“I have a job, sort of. I work with a legal temp agency, where law firms hire me to come in and sort documents for their lawsuits. I’m more or less an administrative assistant in law firms where my classmates work as associates. I remember one day walking into a law firm and instantly feeling embarrassed as I saw a former classmate. She’s doing her dream job. I sort documents for her coworkers.”
The letter went on to describe the value of perseverance, and the refusal to give up, the commitment to keep working towards my goals even if they didn’t materialize immediately. I decided I’d share this letter on perseverance after I finally got that legal job I’d been working towards, and I did.
But I have one addition to and one regret from this letter. Continue reading “In Praise of “Lame Jobs,” and Against Prestige”
Several months ago, as I was struggling to get a job as an attorney, I decided to write a letter that I would share when I finally got one… Continue reading “Dear Future Person in my Current Position”
If you’re interested, you can now order a collection of some of my old writings on faith and sexuality on Amazon. Click here!
About the book: “When Christopher was twenty-one, he started writing on Catholicism and sexuality. A year later, that work expanded quite a bit when he came out as gay, and over the next few years he explored through writing what it means to be gay and Catholic, drawing largely from personal experience, but also grappling with Church teaching and history. This book is a collection of that work, his public writings from when he was about twenty-one until he wrote a significant piece, a sort of second coming out, at twenty-five.“
In my previous post I discussed how Post-Enlightenment understandings of truth have led us to seek salvation in notional knowledge and to prize analytical-technical reasoning over the more comprehensive human experience disclosed in story telling. In her essay against “healthy homoerotic desire,” Dr. Lu presents “clear explanation[s]” as the “only” response to today’s confusions over human sexuality and criticizes the Spiritual Friendship project for its supposed lack of philosophical precision. I disagree. Story telling is a far more appropriate response to the present situation. Continue reading “Dr. Lu on Same Sex Attraction: Stories and Embrace”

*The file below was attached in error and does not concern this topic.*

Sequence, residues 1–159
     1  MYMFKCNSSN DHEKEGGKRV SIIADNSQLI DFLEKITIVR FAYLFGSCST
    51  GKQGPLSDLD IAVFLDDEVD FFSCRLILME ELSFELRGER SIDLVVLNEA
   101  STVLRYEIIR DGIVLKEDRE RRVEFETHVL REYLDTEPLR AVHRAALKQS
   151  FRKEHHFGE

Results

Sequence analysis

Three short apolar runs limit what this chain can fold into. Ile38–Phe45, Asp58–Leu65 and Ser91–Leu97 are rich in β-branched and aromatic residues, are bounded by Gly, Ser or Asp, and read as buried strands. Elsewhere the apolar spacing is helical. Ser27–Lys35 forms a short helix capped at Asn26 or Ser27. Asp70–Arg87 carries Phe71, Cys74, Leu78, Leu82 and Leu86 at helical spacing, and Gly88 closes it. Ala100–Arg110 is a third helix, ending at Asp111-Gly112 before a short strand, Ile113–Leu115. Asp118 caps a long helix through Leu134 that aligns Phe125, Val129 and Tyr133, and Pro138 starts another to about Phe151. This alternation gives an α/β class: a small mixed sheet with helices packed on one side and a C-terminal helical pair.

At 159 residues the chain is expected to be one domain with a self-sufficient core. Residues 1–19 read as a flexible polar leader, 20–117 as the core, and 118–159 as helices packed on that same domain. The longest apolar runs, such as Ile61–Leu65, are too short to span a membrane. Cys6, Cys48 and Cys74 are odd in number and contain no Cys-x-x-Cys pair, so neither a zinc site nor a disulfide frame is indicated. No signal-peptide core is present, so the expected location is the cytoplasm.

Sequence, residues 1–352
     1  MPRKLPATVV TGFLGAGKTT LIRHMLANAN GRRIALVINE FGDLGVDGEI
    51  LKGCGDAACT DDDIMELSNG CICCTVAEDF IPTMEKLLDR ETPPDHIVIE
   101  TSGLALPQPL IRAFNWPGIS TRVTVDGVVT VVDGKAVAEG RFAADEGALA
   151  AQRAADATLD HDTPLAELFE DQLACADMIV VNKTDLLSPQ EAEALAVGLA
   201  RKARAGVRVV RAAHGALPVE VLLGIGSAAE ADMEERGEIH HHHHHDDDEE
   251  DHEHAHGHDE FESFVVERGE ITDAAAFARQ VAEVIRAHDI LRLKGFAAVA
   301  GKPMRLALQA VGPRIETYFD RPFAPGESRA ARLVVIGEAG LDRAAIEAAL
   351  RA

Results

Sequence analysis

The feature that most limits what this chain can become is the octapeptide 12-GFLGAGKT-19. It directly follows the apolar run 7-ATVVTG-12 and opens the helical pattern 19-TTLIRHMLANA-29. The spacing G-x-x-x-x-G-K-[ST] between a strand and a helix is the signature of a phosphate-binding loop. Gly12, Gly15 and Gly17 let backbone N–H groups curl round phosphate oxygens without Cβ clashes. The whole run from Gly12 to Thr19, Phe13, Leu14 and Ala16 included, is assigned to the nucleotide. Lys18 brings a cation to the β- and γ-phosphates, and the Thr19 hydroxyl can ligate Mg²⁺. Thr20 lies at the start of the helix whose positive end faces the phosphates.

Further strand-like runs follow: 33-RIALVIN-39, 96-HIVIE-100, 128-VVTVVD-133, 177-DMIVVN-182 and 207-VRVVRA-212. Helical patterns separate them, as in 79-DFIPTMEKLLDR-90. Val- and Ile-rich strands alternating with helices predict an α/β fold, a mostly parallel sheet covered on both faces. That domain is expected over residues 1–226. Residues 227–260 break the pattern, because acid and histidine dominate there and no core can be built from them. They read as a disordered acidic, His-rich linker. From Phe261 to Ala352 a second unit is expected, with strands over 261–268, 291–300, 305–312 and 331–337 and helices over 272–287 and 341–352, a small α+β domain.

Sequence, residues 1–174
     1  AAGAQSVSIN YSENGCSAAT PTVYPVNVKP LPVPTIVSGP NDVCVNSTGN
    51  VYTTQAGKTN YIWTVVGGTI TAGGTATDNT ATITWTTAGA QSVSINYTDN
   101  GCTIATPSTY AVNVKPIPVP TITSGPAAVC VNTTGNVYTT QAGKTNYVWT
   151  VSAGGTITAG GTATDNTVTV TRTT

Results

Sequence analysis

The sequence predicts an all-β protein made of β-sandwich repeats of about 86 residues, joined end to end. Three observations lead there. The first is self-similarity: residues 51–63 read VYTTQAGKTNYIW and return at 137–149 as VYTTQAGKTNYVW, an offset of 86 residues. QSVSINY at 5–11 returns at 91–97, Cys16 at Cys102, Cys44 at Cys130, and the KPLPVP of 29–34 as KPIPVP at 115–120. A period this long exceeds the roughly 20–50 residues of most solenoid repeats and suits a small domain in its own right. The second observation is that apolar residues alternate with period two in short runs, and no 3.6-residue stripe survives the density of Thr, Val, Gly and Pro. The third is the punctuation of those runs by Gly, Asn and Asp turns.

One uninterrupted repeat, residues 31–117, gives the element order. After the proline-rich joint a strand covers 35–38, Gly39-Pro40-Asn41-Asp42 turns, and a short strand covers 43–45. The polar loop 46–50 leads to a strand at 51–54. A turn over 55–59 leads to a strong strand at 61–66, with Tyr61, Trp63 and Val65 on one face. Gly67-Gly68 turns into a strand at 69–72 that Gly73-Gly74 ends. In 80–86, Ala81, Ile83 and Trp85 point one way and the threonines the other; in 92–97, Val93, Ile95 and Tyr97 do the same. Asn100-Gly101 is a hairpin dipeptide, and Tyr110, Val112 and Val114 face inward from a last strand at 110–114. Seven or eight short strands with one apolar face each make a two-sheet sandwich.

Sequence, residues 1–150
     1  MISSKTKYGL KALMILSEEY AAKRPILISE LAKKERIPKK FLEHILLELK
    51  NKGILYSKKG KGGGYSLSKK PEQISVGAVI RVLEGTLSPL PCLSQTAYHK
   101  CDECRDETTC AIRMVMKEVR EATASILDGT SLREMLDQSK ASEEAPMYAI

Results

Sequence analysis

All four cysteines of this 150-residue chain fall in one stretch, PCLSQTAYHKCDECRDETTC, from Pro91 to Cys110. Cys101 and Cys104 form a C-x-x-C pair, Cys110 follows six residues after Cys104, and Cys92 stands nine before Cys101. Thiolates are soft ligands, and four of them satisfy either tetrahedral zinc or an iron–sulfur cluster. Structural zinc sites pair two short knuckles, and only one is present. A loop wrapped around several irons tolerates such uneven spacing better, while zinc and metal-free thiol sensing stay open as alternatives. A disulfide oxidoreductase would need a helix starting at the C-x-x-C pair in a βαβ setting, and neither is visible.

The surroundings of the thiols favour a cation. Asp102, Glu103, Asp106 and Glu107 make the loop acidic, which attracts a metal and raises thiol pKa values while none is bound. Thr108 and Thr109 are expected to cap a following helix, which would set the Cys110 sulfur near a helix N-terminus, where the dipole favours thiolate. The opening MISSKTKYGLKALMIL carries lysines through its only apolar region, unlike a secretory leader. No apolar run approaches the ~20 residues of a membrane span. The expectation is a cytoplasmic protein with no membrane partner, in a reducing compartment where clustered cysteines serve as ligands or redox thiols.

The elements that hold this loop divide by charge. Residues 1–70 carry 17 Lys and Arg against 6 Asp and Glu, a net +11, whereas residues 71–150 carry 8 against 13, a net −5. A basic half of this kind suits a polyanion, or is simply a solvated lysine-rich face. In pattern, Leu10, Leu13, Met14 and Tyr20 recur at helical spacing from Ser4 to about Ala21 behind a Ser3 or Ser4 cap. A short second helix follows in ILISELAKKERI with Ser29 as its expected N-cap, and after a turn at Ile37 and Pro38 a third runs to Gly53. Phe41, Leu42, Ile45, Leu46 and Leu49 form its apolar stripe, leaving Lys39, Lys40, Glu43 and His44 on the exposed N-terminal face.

In my previous post I discussed how mimetic opposition might cause us to take on the spirit of those whom we oppose. We unconsciously adopt their modes of thought and action as we seek to overcome them, adjusting our own approaches in ways that make us begin to resemble our opponents. This resemblance can be masked by the fact that we still maintain certain tenets of our opposition, however, allowing us to delude ourselves into believing that we are engaged in the same project with which we began. I worry that Dr. Lu’s argument against “healthy homoerotic love” operates within this delusion, both in its approach to “homoerotic desire” and also in its approach to truth. This post will address the question of truth.
Perhaps the most remarkable—and most distinctively modern—claim made by Dr. Lu comes in her proposed solution to Christians’ insensitivity towards those with “SSA” (same sex attraction). She argues, “But the appropriate corrective can only be a clear explanation of Catholic sexual morals and their relevance to the issue of SSA.” As a preliminary matter, it is significant that she limits the issue of insensitivity solely within the realm of sexual morality, rather than advocating a comprehensive and multidimensional approach. In this way, her approach mimics the specialization and fragmentation characteristic of modern academia. A deeper issue can be found, however, in this statement’s more general approach to truth. Continue reading “Dr. Lu on Same Sex Attraction: Rival Versions of Truth”